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Video game urban legends

In honour of Halloween, Kim been exploring the darkest corners of the web, to bring you the creepiest urban legends in video game history… prepare to be spooked.

7. The Legend of Zelda: Majora’s Mask – BEN drowned

Name: The Legend of Zelda: Majora’s Mask
Developer: Nintendo EAD
Publisher: Nintendo
Release date: October 2000
PEGI rating: 7
Platforms: 3DS, GameCube, N64, Wii
More information: Official website

This tale begins with an American student by the name of Jadusable who was given a second-hand N64 cartridge with ‘Majora’s Mask’ written across it in black marker. After popping it into his console he noticed there was already a saved game called ‘BEN’, but after starting anew and finding that the non-player-characters (NPCs) still referred to him using this name he deleted the mysterious Ben’s file.

But the game became even more erratic and glitches included music playing backwards, gameplay skipping forward to the final boss battles and Link repeatedly dying due to drowning. The protagonist began to be followed by the same strange statue that appears when you play the creepy Elegy of Emptiness on the ocarina, taunting him with threats and menacing laughter. Eventually the ‘BEN’ file reappeared on the cartridge along with another new file simply called ‘drowned’; and every time the student played afterwards, his character would die and a message would display onscreen: ‘You’ve met with a terrible fate, haven’t you?’

His progress was posted via YouTube videos and his blog posts reported that he started seeing Ben in his sleep. Jadusable eventually discovered the truth: that the young boy who had previously owned the cartridge has drowned… although ‘truth’ probably isn’t the word to use here. He later revealed the whole thing to be an experiment on testing the gullibility of readers when presented with a story written in a believable form – which is why this one goes to the bottom of the list.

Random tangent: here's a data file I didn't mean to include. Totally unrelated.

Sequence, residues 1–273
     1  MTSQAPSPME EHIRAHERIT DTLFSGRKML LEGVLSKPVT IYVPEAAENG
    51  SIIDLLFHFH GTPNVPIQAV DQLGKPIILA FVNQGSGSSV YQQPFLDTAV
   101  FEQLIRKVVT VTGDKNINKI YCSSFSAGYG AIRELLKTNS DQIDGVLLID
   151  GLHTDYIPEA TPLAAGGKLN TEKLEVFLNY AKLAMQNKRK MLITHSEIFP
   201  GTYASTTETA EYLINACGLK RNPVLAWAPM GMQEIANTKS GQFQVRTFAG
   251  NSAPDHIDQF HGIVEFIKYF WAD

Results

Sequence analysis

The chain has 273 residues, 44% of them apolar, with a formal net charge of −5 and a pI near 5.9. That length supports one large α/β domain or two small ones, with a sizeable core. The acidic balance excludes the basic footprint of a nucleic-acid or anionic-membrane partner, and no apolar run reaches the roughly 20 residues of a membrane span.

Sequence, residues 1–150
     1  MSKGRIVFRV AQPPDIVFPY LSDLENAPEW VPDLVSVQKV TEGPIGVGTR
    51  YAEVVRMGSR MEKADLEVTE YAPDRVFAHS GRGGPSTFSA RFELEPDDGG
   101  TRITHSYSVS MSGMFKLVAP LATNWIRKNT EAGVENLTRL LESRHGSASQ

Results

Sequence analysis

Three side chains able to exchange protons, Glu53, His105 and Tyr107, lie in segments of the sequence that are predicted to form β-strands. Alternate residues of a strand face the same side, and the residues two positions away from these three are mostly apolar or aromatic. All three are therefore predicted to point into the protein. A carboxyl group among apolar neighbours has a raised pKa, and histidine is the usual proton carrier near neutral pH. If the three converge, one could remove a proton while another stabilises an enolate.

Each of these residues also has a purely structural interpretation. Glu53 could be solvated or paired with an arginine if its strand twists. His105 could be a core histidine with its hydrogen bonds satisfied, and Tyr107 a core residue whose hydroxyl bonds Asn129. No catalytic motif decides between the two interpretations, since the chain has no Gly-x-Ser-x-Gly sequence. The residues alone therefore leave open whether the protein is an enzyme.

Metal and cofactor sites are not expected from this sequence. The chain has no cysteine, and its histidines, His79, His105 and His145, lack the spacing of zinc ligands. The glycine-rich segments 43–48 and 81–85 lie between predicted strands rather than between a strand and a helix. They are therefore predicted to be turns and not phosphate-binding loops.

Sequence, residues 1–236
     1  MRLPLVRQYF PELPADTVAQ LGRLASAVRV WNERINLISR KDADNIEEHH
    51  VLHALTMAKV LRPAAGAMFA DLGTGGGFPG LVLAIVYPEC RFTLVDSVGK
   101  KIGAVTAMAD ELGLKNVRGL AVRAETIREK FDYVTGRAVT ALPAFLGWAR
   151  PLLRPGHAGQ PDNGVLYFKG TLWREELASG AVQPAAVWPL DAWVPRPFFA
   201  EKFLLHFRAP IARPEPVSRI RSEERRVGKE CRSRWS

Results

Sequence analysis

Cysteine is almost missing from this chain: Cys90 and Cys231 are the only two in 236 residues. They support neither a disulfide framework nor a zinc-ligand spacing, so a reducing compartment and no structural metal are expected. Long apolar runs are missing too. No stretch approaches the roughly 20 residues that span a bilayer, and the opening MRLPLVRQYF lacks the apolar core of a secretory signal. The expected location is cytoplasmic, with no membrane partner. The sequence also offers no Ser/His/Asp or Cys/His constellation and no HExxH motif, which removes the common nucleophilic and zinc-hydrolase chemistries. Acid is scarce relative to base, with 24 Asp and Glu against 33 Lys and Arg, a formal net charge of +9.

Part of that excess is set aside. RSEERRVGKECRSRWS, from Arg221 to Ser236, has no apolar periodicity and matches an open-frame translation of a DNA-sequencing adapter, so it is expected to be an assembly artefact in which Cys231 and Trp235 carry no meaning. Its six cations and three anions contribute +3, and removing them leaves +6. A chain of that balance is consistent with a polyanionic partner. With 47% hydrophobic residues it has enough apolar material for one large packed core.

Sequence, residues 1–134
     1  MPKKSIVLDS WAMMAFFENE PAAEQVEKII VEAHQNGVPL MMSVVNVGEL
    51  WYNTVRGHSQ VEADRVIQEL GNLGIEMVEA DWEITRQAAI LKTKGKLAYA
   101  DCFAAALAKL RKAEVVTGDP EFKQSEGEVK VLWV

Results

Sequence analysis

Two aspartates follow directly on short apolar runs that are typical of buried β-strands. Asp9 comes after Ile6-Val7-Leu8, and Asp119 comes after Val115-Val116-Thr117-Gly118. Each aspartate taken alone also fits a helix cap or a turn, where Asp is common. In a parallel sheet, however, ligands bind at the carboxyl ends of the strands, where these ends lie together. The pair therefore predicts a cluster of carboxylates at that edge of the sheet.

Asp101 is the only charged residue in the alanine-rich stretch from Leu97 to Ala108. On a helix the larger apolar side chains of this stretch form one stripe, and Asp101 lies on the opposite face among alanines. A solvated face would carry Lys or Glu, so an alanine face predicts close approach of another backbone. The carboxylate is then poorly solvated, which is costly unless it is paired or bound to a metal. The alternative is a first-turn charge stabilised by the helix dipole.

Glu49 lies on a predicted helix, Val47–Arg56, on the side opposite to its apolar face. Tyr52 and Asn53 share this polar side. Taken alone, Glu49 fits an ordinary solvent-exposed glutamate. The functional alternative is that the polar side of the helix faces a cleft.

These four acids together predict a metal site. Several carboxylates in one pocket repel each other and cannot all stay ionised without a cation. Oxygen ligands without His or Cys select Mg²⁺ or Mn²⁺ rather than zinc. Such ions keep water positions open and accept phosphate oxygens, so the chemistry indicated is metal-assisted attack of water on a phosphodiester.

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6. Berzerk – Evil Otto

Name: Berzerk
Developer: Stern Electronics
Publisher: Stern Electronics
Release date: November 1980
PEGI rating: Not listed
Platforms: Arcade, Atari 2600, Atari 5200, GCE Vectrex
More information: Wikipedia

Berzerk by Atari is considered to be one of the greatest titles of the arcade-era of gaming and features one of the most iconic boss battles: players’ characters are pitted against their arch nemesis, a bouncy smiling face called Evil Otto. It also holds the morbid honour of being the first video game linked to the death of a person, before going on to kill again a year later.

The game had a staggering 64,000 levels and what both of Otto’s victims had in common were ridiculously high scores. Ninteen-year-old Jeff Daily was the first to die after posting a score of 16,600 points in 1981; then ten months later in 1982 Peter Burkowski decided to play the title. Within fifteen minutes he’d made the top-ten list twice, but then took a few steps away from the machine and collapsed dead.

Unlike Polybius (see below), Berzerk’s murderous rampage is a fact and you can find out more about it online. The cause of death in the cases of both Daily and Burkowski was ruled as a heart attack, and maybe it’s just a coincidence… or maybe Evil Otto sought his revenge.

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5. The Elder Scrolls III: Morrowind – jvk1166z.esp

Name: The Elder Scrolls III: Morrowind
Developer: Bethesda Game Studios
Publisher: Bethesda Softworks
Release date: May 2002
PEGI rating: 12
Platforms: PC, Xbox
More information: Official website

Legend has it that there is a sinister mod to The Elder Scrolls III: Morrowind that could potentially drive a player insane. File jvk1166z.esp was originally thought to be a virus as it would freeze and corrupt all save game files when loaded, but it was soon discovered that it would work when ran in DOSbox.